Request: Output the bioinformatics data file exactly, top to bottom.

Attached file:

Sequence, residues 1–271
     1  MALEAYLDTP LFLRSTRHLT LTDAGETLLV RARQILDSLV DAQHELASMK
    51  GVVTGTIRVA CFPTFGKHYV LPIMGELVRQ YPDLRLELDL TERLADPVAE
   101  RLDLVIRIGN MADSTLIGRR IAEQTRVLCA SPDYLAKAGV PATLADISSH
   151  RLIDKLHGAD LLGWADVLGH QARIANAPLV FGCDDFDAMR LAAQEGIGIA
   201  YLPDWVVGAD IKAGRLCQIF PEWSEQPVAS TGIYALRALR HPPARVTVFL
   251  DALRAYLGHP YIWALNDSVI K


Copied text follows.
Sequence, residues 1–271
     1  MALEAYLDTP LFLRSTRHLT LTDAGETLLV RARQILDSLV DAQHELASMK
    51  GVVTGTIRVA CFPTFGKHYV LPIMGELVRQ YPDLRLELDL TERLADPVAE
   101  RLDLVIRIGN MADSTLIGRR IAEQTRVLCA SPDYLAKAGV PATLADISSH
   151  RLIDKLHGAD LLGWADVLGH QARIANAPLV FGCDDFDAMR LAAQEGIGIA
   201  YLPDWVVGAD IKAGRLCQIF PEWSEQPVAS TGIYALRALR HPPARVTVFL
   251  DALRAYLGHP YIWALNDSVI K